Behavioral economics is fascinating to me because I’m so often completely wrong about what will make me happy.
Sometimes people ask me why I’m so into land use policy, YIMBY, urbanism, etc. I’ve come to believe land use policy is the most pressing issue of our time. Bad land use policy exacerbates every other social problem we face, particularly inequality in education, employment, economic dynamism, innovation, equality, racial progress.
But for me personally, it began when I moved from a medium-sized town in Alabama (Birmingham, population ~200,000, 217 people per square mile) to Washington, D.C. (population ~700,000, 10,528 people per square mile).
I moved there in 2011 to be able to ditch my car and to work at Reason magazine, my dream job. Before then I saw cities as a lot of people do. They were dirty, crime-ridden, noisy, and crowded. It’s not so much that I longed for a city, though I did have dreams of being single in one when I was in middle school. I knew somehow that cities were better places for single women than suburbs. But recently divorced with a live-in boyfriend in 2011, it was more that I longed for a better job and to stop driving. Y’all really should be thanking me for letting my license expire.
Like many people, I’d been on the suburban hedonic treadmill. My husband and I bought a house, but I wanted a bigger one closer to town.
Moving to D.C. and actually navigating how to buy groceries, commute, see friends, etc. without a car completely changed my perspective on cities. I became a convert. Cities are much better for the environment and economic growth than suburban sprawl. But I think they’re also better for our souls. Being within walking distance of friends has made me much more social than I was when visiting required driving. It feels so much more human to pass by strangers while walking than feeling frustrated that their steel cage was keeping my steel cage from going as fast as I wanted it to.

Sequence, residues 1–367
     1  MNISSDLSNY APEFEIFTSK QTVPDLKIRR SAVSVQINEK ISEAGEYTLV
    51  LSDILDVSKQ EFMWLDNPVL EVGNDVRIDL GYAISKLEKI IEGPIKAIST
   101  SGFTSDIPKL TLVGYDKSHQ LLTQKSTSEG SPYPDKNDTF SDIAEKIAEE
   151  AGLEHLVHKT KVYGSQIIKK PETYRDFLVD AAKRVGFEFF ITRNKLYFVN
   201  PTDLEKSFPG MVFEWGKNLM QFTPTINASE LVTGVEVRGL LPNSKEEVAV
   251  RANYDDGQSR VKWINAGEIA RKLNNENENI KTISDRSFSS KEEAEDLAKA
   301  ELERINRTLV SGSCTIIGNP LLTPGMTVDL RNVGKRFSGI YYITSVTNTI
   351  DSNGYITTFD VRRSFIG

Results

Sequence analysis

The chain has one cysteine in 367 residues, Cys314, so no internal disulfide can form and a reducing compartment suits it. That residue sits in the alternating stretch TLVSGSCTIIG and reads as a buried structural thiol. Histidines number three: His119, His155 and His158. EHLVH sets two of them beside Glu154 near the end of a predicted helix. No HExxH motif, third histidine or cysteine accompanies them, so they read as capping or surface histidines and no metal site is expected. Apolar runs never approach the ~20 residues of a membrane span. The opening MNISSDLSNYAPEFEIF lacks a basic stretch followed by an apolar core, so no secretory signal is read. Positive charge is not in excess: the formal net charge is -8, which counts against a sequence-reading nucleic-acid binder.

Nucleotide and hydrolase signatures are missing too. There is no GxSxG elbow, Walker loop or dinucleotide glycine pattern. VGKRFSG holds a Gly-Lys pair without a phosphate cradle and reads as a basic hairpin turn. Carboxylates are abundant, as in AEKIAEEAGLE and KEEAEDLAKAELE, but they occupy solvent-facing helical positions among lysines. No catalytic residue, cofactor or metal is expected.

Moving to D.C. made me fall in love with cities. Moving to San Francisco made me realize how and why not everyone can do what I did.
There is in America right now an epidemic of young men who still live with their parents and who are not employed or in school. Many, if not most, of these men live in suburbs and exurbs far from high-paying entry-level employment opportunities. The barrier to entry to living in a city with amazing opportunities is rent that is unaffordable to anyone but the most highly skilled workers. The obvious result of this situation is that it’s much harder to start out in a career.
So that’s really it. There will always be people who do genuinely prefer suburban life. But most of us, I suspect, don’t. “But what we actually like may come from investing in Bo-miljø, so that we can walk places and live close to current and future friends (remember college?).”
I am so passionate about land use policy because I want everyone who wants to live densely to be able to afford to.
The other reason I oppose zoning is this: That the fact that only the rich can afford to live close to economic and cultural opportunity is social injustice for which the only long-term, effective solution is stronger property rights.
I want everyone with an interest in doing so to be able to access the best education, employment, economic dynamism, and innovation this country has to offer. Because everyone has the potential to develop something they can offer others.
I firmly believe that the biggest regulatory impediment to progress in America right now is racist and classist land use policy. So that’s why I YIMBY.